However, at a basic level, organisations should have controls in place that cover seven core processes:

  1. Security Governance
  2. Policy Management
  3. Awareness & Education
  4. Identity & Access Management
  5. Vulnerability Management
  6. Threat Management
  7. Incident Response.

To understand cyber risks and adequate responses to those risks, organisations must engage appropriately skilled and experienced individuals to provide the assessment and define the strategy and roadmap for control remediation. This should be done pre-incident, however after each incident breached entities should consider lessons learnt and remediation steps required. If adequate remediation controls were put in place by RI Group, it is highly likely that several of the events which were the subject of the proceedings, would not have occurred.

Wide-ranging implications for organisations more broadly

The nature of the threat landscape and the rapidly changing digital environment is leading to more frequent and more severe cyber incidents which are resulting in greater financial losses and increased reputational damage and regulatory risk. If organisations are not managing their cyber risk adequately and do not have a resilience strategy in place, they will be open to scrutiny should an incident occur.

It is paramount that all organisations consider their approach to cyber risk management and adequacy.  While this case was focused on the obligations of AFSL holders, we expect that ASIC will also use its oversight powers to identify whether directors of any company that fails to adequately consider cyber risk, are in breach of their obligations.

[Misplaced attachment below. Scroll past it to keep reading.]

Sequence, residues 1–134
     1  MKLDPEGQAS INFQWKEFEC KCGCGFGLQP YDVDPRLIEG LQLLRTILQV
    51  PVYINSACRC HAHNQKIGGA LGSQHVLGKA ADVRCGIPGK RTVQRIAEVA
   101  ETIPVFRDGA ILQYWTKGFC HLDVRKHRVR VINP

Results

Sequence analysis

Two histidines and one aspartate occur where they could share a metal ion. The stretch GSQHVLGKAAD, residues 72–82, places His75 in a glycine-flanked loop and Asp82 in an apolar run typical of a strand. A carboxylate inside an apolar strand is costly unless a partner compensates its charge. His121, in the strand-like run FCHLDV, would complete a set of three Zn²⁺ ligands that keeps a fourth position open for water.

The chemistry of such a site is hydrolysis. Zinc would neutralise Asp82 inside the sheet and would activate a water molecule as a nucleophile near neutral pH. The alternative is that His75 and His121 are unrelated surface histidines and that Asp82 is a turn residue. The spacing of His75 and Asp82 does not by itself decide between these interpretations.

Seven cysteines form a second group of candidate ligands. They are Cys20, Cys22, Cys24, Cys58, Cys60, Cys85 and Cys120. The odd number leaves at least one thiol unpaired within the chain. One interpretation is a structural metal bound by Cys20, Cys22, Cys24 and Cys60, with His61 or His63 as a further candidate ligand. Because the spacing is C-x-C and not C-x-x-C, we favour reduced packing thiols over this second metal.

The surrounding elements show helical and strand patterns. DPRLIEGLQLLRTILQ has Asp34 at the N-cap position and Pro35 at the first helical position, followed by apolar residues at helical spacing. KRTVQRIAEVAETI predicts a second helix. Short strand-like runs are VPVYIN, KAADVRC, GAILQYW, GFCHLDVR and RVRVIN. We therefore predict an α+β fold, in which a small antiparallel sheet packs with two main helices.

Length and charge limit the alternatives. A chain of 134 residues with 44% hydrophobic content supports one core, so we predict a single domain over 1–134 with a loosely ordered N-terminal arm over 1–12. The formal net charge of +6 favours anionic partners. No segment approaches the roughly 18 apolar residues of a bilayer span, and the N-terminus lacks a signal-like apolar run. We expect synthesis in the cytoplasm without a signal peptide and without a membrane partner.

Similarly, this decision is likely to inform the enforcement approach that other regulators take to cyber security issues. Those organisations who are required to comply with APRA’s Prudential Standard CPS 234 – Information Security or which are affected by the new critical infrastructure requirements, should take note of this emerging standard for developing to management of cyber risk.

How can we help?

Clyde & Co’s Digital Law, Cyber Incident Response and Cyber Advisory teams have unparalleled technical expertise dealing with cyber risk.

Our team has the largest dedicated and market-leading privacy and cyber incident response practice in Australia and New Zealand. Our team is also highly regarded for their expertise and experience in financial services, assisting a range of clients, from FinTech start-ups to Australia’s biggest banks and insurers. Clyde & Co’s Corporate Regulatory team has highly regarded expertise across the cyber incident, breach reporting and ASIC investigation space in relation to AFSL holders.

Clyde & Co provides an end-to-end risk solution for clients. Covering advice, strategy, transactions, innovation, cyber and privacy pre-incident readiness, technical advisory, incident response and post incident remediation through to regulatory investigations, dispute resolution, litigated proceedings (plaintiff and defendant), recoveries and third-party claims (including class action litigation), the teams assist clients across the full spectrum of legal and technical services.

For more information, please contact John Moran, Avryl Lattin, Alec Christie, Reece Corbett-Wilkins, Richard Berkahn or Chris McLaughlin.